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Im trying to create a haskell function where all the indices of an occurence of a value in a list are returned as a list, so like

indices 3 [1,2,3,3,7]

gives [2, 3] as output. I am very new to Haskell and couldnt find something useful. I tried using filter, but all i got working is getting a list of [3, 3] but not the actual indices. It would be cool if you could give me a little hint.

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1 Answer 1

up vote 6 down vote accepted

This is a pretty common pattern in functional programming, sometimes called decorate-process-undecorate. The idea is that you want to attach some extra information to each of the elements in your list, filter using a slightly altered version of the filter you would have done normally, then strip that extra information away.

indicies n = undecorate . filter predicate . decorate where
  decorate   = ...
  predicate  = ...
  undecodate = ...

When trying to code decorate I suggest taking a look at the function zip:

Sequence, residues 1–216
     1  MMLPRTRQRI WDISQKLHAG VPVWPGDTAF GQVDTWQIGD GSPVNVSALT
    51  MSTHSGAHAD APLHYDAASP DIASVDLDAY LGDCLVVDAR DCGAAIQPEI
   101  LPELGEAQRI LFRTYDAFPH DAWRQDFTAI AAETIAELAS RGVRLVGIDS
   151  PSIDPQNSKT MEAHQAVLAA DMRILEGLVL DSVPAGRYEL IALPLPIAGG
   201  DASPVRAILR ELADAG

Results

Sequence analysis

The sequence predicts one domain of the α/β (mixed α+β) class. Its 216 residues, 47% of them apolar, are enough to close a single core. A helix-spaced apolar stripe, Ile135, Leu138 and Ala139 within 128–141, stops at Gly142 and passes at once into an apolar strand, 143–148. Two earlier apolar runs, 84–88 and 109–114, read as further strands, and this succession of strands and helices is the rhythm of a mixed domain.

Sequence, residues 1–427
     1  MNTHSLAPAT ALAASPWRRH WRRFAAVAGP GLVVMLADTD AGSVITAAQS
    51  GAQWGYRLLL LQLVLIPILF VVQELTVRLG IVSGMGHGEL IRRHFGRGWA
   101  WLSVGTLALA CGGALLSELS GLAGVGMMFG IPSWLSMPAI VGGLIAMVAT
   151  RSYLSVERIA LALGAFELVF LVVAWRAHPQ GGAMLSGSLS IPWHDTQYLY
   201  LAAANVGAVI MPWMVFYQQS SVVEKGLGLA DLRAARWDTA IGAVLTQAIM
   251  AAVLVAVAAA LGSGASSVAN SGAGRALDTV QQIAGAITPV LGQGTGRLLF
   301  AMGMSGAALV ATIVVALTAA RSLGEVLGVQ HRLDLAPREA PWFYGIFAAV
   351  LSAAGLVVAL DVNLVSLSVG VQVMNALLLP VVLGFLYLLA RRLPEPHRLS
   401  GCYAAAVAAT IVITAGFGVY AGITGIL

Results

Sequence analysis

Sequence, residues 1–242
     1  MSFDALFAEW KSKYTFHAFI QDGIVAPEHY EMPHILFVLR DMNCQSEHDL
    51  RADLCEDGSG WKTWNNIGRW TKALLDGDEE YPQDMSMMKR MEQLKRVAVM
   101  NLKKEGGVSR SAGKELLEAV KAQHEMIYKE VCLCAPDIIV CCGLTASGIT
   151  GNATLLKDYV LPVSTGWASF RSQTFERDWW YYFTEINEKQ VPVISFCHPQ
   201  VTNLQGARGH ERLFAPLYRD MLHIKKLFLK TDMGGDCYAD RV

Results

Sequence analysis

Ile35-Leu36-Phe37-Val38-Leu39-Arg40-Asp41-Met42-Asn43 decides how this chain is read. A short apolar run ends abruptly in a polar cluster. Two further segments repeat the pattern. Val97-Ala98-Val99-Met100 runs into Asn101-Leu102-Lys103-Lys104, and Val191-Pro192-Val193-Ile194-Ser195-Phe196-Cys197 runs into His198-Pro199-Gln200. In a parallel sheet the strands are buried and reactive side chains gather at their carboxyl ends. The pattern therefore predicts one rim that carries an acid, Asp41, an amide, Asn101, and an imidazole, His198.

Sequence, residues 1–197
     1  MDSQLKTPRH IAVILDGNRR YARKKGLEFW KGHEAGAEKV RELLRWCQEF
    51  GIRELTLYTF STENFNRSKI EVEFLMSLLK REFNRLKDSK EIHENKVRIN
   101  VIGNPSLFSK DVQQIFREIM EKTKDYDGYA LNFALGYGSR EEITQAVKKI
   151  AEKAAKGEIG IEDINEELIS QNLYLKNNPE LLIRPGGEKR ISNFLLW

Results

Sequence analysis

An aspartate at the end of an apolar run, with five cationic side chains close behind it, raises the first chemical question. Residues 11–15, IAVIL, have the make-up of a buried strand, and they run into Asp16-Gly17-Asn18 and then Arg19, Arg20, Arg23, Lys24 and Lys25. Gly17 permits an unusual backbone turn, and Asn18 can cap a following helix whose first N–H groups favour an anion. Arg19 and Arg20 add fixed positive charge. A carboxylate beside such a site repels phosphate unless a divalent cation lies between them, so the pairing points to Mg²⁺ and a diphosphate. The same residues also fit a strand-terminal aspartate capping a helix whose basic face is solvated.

zip :: [a] -> [b] -> [(a, b)]

Consider its effect on infinite lists, too, such as repeat 1 or [1,3,...]. When trying to code undecorate you'll likely want to map:

map :: (a -> b) -> [a] -> [b]

Finally, don't worry about the efficiency of this process. In a strict language, decorate-filter-undecorate might require 3 traversals of the list. In a non-strict language like Haskell the compiler will automatically merge the 3 inner loops into a single one.

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Thank you, that sounds very clear, i will try getting the individual parts together, the general idea became clear to me! –  Muepe May 11 at 18:15
I used your approach and got the following code which does exactly what i want! print (map (fst) (filter (\(x, y) -> y == 3) (zip [1..] [1,3,3,7]))) –  Muepe May 11 at 18:32

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